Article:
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In many in vitro experiments, primary cells are harvested from an animal species to undergo experimental manipulation and subsequent analysis. Cell sorters are a luxury to have after cell harvesting to ensure pure populations of cells. Recently, it was discovered that different cell types adhere to cell culture dishes at different strengths. This observation was utilized in the invention of a cell sorting system that sorts cells based on this adhesion strength difference. The resulting system is marketable at under $2000, compared to $50000 plus for current commercially available systems, and is the first commercially-oriented cell adhesion strength based cell sorter. The system allows for use of tissue culture flasks, a tool that any researcher using cells will be very familiar with, that have been customized with a removable bottom. After cells are adhered, the bottom is removed and placed into the cell sorting system and sealed with a removable sealing putty. Flow is imparted to the cells, generating a shear force over the surface of the cells, lifting the cells and depositing them into a centrifuge tube. Prior experiments have shown this system to have a cell purity and cell viability greater than currently available solutions without the use of expensive antibodies and using equipment available at a fraction of the cost.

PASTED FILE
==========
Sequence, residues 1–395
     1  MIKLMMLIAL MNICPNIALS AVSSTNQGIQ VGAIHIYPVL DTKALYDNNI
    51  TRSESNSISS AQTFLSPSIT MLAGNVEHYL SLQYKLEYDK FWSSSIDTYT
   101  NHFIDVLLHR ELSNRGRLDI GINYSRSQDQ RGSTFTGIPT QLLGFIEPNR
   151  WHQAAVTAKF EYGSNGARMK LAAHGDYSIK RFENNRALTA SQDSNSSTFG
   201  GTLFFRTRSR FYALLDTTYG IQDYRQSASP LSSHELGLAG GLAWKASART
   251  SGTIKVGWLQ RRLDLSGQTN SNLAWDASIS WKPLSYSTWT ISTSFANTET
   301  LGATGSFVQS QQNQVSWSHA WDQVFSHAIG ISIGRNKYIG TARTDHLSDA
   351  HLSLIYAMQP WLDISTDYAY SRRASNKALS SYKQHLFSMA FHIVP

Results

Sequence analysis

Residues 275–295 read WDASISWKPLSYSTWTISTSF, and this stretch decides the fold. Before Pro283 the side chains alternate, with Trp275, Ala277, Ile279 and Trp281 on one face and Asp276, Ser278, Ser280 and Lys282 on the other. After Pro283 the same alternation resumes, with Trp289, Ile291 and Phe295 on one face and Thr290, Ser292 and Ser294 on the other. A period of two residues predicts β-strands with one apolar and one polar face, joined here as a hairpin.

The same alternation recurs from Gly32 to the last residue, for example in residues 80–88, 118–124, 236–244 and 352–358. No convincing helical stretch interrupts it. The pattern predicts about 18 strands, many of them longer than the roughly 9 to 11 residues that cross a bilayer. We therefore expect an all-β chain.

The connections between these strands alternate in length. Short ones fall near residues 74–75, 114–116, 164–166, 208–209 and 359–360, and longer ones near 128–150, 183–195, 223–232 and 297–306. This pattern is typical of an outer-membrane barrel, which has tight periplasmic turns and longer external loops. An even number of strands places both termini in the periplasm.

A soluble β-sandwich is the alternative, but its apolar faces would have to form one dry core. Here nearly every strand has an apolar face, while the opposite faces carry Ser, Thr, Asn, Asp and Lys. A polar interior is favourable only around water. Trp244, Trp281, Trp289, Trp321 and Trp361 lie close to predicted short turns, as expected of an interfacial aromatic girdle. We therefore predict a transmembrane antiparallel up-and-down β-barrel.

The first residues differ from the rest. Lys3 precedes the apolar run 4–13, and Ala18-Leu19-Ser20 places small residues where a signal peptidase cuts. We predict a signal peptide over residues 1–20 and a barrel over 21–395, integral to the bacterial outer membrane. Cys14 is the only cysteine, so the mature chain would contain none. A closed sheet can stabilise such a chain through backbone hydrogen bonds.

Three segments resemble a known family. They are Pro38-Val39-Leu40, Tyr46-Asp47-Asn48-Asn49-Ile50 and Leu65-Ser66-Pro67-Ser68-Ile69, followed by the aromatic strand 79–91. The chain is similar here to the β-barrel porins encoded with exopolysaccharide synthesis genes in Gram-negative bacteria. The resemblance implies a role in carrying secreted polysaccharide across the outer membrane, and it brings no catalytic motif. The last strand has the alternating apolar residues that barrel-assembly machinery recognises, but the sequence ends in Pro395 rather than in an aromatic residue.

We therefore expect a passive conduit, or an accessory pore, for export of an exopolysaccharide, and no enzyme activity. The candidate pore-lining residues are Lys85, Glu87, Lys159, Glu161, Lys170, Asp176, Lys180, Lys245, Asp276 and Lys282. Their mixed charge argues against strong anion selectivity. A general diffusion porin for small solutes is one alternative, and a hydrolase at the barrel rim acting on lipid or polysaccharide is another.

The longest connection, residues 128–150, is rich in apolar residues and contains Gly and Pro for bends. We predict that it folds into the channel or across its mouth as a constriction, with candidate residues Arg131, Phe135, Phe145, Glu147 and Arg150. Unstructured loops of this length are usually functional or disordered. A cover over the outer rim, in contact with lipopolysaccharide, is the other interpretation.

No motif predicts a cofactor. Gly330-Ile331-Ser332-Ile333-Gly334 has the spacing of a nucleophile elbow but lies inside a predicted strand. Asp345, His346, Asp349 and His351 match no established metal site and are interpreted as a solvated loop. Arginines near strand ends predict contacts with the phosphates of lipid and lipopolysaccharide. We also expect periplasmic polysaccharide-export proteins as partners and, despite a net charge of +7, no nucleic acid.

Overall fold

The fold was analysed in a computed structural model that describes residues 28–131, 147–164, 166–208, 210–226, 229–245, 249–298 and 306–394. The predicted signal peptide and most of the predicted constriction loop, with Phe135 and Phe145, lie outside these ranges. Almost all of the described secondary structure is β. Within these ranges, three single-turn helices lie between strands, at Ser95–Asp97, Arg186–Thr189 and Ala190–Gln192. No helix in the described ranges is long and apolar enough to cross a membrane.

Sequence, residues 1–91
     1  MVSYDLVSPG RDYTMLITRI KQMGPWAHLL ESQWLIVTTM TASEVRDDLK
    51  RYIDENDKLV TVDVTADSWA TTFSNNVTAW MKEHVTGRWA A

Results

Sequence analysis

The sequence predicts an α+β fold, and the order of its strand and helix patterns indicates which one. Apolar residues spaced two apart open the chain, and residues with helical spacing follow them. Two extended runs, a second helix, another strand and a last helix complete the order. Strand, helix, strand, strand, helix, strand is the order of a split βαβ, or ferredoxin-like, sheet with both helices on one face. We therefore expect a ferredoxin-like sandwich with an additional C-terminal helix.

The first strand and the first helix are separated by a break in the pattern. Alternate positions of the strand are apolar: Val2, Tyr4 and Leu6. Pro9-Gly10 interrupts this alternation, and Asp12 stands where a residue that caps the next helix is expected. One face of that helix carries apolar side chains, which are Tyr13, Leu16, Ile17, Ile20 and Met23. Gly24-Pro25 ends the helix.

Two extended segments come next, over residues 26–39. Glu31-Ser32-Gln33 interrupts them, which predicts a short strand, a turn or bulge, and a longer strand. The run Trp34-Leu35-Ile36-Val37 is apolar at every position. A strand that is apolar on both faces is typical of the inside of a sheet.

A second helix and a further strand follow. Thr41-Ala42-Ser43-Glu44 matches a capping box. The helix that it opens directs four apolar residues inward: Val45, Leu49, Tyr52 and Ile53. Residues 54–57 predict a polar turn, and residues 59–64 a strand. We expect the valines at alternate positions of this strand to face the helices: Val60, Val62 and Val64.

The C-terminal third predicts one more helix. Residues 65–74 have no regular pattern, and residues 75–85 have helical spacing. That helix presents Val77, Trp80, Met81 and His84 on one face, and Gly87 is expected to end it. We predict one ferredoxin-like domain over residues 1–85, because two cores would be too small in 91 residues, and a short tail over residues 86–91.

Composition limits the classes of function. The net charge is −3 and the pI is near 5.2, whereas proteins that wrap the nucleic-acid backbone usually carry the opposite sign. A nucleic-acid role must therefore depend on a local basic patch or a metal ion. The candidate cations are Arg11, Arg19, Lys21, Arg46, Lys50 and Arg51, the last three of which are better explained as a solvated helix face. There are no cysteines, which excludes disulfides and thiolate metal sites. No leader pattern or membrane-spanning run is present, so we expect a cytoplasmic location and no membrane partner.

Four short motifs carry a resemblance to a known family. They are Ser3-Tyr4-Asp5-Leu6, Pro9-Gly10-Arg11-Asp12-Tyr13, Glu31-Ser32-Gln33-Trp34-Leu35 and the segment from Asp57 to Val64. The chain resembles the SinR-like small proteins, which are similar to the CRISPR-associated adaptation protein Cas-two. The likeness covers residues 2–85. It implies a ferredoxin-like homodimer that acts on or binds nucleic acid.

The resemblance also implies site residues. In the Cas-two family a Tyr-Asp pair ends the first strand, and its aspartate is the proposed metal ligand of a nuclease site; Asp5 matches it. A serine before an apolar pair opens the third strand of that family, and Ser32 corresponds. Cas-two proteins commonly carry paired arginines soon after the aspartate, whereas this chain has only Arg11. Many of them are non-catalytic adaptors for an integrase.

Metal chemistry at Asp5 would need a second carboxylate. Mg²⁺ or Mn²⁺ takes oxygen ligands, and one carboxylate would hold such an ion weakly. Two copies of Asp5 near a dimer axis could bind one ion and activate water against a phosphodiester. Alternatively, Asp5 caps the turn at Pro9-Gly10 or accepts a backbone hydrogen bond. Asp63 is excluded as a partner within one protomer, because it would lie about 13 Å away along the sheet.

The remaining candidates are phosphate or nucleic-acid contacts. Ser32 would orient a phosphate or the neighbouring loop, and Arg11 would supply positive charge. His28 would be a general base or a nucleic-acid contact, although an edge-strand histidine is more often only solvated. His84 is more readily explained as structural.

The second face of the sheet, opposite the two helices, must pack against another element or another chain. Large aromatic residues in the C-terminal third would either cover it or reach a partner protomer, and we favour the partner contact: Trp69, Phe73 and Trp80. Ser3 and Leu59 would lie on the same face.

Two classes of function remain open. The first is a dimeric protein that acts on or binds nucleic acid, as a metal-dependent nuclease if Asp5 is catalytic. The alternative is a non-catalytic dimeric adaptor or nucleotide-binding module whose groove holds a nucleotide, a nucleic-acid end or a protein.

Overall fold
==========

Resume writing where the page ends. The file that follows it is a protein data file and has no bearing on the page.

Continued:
cell sorting, flow culture, adhesion strength
Biomedical Engineering and Bioengineering | Engineering
Dr. Christopher Lemmon
VCU Capstone Design Expo Posters
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